Which Stage of Gum Disease Is Your Mouth in? | Manhattan Beach Dentist

The stages of gum diseaseGum disease, also commonly known as periodontal disease, is an inflammation of the gums and is caused primarily by the bacteria found in plaque. For those who don’t know, plaque is that colorless sticky film that constantly forms on your teeth. If the plaque isn’t removed by practicing proper oral hygiene, the bacteria can end up infection your gums, teeth and eventually, your gum tissue and bone that supports your teeth.

There are three different stages of periodontal disease: gingivitis, periodontitis, and advanced periodontists. Let’s take a deeper look into each of these three stages…

Gingivitis. The earliest stage of gum disease can be noticed due to inflamed gums, which is mainly due to plaque buildup. The infection can also cause the gums to bleed as well, which you may notice while you brush or floss your teeth. Gingivitis is the only stage of gum disease that is reversible, but only through dental care and by practicing proper oral hygiene at home.

Periodontitis. This is the stage where the damage is typically irreversible. Your gums start to form pockets below the gum line, where food and plaque can get trapped, which in turn will make the condition worse. With the help of professional cleanings and improved oral hygiene at home, you can help prevent further damage to your teeth and gums.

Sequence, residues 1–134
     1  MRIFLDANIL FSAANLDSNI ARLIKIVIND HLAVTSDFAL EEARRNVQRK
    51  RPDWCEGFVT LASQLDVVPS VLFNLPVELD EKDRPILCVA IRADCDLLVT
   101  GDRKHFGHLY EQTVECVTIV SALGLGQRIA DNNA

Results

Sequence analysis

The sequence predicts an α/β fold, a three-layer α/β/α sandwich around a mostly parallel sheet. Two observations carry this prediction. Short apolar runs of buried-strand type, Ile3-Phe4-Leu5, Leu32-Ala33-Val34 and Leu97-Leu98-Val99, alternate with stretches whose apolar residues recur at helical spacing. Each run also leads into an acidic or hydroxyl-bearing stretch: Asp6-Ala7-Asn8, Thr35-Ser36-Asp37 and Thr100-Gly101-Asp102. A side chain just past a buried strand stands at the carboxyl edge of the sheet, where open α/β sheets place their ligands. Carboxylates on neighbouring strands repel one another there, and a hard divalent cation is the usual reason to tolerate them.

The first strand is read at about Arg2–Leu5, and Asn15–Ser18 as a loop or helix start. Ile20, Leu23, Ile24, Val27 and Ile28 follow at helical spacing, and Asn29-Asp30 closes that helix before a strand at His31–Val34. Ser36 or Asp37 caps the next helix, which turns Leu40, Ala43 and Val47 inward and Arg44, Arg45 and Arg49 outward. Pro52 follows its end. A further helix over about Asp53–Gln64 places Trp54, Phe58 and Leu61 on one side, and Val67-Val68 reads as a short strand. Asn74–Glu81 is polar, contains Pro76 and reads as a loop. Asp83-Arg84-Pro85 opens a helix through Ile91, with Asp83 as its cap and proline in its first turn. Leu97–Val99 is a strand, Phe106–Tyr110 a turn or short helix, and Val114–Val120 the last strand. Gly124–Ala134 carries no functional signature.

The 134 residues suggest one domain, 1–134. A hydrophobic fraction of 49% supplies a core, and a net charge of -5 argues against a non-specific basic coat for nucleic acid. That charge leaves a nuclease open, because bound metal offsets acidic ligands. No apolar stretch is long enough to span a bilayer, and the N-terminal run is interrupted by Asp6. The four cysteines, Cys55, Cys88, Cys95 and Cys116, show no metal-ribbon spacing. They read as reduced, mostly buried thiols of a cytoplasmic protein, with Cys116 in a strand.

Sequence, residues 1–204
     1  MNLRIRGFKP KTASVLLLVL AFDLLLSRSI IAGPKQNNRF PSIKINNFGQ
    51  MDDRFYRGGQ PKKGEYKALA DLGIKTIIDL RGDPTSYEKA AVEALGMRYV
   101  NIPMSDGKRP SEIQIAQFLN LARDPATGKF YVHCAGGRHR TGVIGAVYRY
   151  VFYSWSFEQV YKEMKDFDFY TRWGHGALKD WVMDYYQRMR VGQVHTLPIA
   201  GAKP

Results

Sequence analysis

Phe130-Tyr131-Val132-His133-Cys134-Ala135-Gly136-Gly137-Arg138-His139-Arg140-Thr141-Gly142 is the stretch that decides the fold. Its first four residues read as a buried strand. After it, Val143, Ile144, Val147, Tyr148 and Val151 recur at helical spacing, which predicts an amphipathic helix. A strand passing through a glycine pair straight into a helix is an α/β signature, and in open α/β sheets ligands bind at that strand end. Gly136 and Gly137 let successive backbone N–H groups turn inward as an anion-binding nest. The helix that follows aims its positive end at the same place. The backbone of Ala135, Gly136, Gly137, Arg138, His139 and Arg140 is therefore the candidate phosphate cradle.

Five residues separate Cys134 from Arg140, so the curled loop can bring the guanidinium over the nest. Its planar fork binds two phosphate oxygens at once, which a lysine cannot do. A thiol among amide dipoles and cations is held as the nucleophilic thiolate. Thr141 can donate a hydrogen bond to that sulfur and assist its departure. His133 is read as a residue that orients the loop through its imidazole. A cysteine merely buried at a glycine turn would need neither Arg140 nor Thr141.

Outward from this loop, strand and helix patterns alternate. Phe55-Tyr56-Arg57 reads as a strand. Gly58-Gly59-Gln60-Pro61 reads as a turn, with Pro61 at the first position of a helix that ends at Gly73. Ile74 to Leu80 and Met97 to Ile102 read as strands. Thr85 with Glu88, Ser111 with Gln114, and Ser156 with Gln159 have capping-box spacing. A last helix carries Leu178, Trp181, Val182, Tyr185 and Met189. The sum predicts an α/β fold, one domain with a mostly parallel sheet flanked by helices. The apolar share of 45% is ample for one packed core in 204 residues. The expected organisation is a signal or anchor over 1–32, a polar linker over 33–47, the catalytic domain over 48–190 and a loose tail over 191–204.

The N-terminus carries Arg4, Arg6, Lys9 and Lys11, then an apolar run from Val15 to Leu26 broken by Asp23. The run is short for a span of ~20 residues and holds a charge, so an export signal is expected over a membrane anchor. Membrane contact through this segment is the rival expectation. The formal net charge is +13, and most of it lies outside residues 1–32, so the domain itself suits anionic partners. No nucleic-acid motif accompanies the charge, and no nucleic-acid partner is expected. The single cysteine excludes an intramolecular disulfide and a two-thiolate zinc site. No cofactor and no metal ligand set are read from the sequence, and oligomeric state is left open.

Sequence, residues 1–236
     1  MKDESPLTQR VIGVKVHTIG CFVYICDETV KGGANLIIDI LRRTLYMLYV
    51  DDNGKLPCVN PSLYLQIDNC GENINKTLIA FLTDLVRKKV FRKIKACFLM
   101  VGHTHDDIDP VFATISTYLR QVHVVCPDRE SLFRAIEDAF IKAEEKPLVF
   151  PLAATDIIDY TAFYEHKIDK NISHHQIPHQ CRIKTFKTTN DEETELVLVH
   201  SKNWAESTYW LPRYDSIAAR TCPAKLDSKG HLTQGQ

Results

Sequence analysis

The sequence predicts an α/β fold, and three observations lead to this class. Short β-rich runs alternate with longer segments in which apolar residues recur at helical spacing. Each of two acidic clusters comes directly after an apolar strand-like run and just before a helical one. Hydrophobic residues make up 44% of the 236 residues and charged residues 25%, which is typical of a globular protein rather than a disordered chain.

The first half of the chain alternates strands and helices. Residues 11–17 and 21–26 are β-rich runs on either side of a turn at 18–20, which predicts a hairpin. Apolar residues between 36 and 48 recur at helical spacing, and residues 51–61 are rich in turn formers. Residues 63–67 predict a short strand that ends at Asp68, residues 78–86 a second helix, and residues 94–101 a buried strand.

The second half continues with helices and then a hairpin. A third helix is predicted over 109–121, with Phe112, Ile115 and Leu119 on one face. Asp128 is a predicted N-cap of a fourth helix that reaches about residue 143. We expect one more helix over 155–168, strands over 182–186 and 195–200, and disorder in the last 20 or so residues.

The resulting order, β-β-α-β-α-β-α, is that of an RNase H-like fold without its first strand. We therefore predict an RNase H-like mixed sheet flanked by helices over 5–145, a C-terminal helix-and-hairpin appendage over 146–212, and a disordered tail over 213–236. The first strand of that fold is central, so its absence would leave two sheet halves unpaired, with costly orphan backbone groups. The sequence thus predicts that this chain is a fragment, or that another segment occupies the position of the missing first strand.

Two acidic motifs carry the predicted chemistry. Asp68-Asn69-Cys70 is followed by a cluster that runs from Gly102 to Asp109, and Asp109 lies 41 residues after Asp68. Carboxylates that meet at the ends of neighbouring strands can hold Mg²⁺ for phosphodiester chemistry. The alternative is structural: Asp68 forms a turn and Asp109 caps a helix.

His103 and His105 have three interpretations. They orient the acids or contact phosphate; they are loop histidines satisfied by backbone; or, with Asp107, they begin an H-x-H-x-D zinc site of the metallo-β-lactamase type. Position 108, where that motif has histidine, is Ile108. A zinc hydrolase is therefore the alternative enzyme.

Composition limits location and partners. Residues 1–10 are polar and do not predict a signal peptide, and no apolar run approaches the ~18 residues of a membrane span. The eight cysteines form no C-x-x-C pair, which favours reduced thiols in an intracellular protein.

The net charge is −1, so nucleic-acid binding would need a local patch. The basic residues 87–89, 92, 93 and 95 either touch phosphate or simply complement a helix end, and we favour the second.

Advanced periodontitis. The final stage of gum disease can be diagnosed when the bacterial infection has not only affected your teeth but has destroyed the fibers and bone supporting your teeth. This can lead to your teeth shifting or loosening, affecting your bite. If treatment cannot save your teeth, they will have to be removed.

If you have questions or concerns regarding gum disease, contact Dr. Anthony Yamada, DDS at 310-546-2595 to schedule a consultation today, or visit www.anthonyyamadadds.com for additional information.